Does Medicare Cover Bunion Surgery?

Does Medicare Cover Bunion Surgery?

While bunions are extremely common and typically cause few problems, some cases are more severe and may even require surgical intervention.

Feet often change as we get older, such as the big toe starting to lean toward the other toes and a bump forming on the joint at the base of the big toe. This is called a bunion, and it’s estimated that one out of three people over the age of 65 have a bunion to some degree. It’s one of the most common foot ailments, and most people who have bunion deformities have mild or no symptoms at all.

However, in some cases, a bunion can be painful and cause severe pressure, and your provider may recommend surgery. Read on to learn more about Medicare coverage for bunion surgery and other foot care.

What are bunions?

A bunion is a bony bump that forms on the joint at the base of your big toe. Bunions happen when some of the bones in the front part of the foot move out of place, causing the tip of your big toe to get pulled toward the smaller toes and forcing the joint at the base of the toe to stick out.

Smaller bunions (called bunionettes) can develop on the joint at the base of your little toe.

What causes bunions?

Bunions can be caused by wearing tight, narrow shoes, or as the result of the shape of your foot, a foot deformity, or a medical condition like arthritis. Particular inflammatory types, such as rheumatoid arthritis, often cause bunions.

Additionally, it’s believed that there is some genetic component to developing bunions.

Symptoms of bunions

Symptoms of bunions can include a bulging bump on the outside of the bottom of your big toe, swelling, redness, or soreness around your big toe joint, corns or calluses (typically where the first and second toes rub together), ongoing pain or pain that comes and goes, and limited movement of your big toe.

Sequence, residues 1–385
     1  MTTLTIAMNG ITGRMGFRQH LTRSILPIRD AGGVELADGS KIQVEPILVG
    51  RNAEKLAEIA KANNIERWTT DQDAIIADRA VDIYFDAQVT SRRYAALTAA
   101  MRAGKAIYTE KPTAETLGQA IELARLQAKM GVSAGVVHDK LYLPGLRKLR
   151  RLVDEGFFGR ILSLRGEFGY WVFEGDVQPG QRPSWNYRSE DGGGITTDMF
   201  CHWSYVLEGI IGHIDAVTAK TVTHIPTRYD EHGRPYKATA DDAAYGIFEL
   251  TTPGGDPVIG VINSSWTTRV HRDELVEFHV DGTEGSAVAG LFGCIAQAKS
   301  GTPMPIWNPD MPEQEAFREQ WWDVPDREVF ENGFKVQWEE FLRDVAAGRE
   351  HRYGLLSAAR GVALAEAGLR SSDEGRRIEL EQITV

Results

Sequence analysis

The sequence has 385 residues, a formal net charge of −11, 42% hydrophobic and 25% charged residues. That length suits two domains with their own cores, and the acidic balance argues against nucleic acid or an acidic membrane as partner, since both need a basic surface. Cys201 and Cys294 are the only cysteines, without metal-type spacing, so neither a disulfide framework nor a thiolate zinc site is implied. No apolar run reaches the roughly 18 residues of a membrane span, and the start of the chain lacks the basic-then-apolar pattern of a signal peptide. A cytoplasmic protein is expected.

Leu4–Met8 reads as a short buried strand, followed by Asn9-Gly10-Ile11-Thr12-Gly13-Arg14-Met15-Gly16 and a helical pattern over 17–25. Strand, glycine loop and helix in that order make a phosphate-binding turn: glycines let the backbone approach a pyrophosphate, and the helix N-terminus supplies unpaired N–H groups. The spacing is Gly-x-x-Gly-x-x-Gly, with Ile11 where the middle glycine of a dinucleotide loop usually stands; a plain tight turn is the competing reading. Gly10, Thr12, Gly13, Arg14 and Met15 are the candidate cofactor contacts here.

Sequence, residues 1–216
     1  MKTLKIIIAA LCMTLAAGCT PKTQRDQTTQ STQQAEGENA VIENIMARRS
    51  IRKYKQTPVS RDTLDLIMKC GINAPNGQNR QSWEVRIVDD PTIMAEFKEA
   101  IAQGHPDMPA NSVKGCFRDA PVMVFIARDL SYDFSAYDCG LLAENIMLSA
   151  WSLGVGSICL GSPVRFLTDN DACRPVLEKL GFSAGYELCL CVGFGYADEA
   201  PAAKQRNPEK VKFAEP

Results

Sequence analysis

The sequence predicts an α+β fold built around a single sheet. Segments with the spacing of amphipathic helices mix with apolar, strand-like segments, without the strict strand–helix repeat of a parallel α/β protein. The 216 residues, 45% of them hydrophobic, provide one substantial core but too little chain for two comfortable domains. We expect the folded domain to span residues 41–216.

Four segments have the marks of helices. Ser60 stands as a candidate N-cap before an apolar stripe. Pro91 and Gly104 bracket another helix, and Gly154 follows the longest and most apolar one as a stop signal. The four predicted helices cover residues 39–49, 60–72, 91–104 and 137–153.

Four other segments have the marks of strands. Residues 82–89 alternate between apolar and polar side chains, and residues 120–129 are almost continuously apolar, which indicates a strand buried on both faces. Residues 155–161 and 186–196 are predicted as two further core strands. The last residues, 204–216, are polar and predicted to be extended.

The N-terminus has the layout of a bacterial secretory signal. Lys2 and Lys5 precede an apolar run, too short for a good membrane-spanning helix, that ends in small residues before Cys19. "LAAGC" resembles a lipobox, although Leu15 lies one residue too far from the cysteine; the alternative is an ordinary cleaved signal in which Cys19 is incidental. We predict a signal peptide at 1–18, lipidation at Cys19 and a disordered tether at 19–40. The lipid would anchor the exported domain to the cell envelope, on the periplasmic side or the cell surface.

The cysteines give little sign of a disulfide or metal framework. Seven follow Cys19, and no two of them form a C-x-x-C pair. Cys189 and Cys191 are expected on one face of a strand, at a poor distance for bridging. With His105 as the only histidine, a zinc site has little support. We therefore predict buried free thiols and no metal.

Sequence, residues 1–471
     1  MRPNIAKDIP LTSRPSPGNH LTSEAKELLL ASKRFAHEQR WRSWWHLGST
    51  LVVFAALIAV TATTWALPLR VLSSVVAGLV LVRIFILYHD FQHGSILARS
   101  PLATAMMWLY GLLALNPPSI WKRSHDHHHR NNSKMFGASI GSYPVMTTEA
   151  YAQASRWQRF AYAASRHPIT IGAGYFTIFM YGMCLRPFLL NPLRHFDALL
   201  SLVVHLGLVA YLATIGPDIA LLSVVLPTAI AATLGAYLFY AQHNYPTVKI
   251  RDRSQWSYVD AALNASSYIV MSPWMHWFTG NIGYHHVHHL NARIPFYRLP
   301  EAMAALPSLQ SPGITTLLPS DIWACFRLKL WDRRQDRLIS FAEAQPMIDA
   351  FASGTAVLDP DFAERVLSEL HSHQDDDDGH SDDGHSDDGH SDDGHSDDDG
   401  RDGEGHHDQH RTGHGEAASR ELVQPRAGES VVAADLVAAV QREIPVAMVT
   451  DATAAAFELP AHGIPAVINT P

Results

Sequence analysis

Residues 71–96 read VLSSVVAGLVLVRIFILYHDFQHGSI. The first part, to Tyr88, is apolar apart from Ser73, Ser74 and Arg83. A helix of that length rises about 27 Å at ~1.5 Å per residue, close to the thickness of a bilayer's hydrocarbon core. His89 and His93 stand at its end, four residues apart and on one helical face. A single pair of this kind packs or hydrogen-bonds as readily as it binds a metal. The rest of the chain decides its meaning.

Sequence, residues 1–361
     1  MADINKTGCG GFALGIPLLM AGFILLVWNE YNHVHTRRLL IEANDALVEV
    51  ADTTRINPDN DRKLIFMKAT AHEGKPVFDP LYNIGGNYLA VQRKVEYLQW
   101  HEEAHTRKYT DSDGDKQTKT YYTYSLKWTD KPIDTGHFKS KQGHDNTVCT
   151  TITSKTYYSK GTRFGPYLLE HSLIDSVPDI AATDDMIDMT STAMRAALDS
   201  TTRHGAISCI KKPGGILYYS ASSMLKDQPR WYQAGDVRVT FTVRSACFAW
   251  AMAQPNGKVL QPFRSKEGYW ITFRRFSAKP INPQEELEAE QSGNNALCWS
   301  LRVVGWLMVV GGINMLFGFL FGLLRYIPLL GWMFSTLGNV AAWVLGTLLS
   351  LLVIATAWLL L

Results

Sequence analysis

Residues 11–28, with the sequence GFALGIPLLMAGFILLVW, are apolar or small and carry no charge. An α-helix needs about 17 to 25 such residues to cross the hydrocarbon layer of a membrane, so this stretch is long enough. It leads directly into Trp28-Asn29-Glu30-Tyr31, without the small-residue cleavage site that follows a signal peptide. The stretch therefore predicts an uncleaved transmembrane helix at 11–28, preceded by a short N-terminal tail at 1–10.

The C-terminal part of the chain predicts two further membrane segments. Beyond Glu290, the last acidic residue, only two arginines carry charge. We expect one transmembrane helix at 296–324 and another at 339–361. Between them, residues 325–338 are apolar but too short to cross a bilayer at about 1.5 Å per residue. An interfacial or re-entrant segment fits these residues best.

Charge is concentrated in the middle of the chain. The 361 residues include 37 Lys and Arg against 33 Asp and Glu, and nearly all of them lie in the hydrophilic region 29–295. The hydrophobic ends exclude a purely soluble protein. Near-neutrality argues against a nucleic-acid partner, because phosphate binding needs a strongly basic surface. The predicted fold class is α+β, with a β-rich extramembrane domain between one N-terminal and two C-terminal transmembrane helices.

Types of bunion surgery

Surgical removal of bunions is called a bunionectomy. This operation is typically performed in an outpatient setting with a local anesthetic.

There are actually dozens of types of bunion surgery, and the one your surgeon chooses depends on the size and development of the bunion. However, there are a few more common types of surgery including osteotomy (the surgeon cuts the big toe joint and realigns the bone to correct the deformity), exostectomy (the surgeon removes the bunion without the subsequent realignment), and arthrodesis (the removal of the damaged joint and replacement with screws and metal plates.

Following the surgery, your surgeon or podiatrist will likely recommend you wear a boot or cast and use crutches as walking aids to protect your foot until it’s fully healed.

General recovery can take six to eight weeks, though full recovery can take up to six months. Your doctor may recommend physical therapy sessions to help re-strengthen your foot and ankle.

Medicare coverage for bunion removal surgery

If you are experiencing pain and swelling in your toes and the bunion is making it hard to walk, you may want to consider bunion surgery. Medicare Part B (medical insurance) does cover medically necessary bunion treatment and surgical procedures. It also covers any medically necessary supplies, such as a boot or crutches, and other visits to a doctor’s office or podiatrist.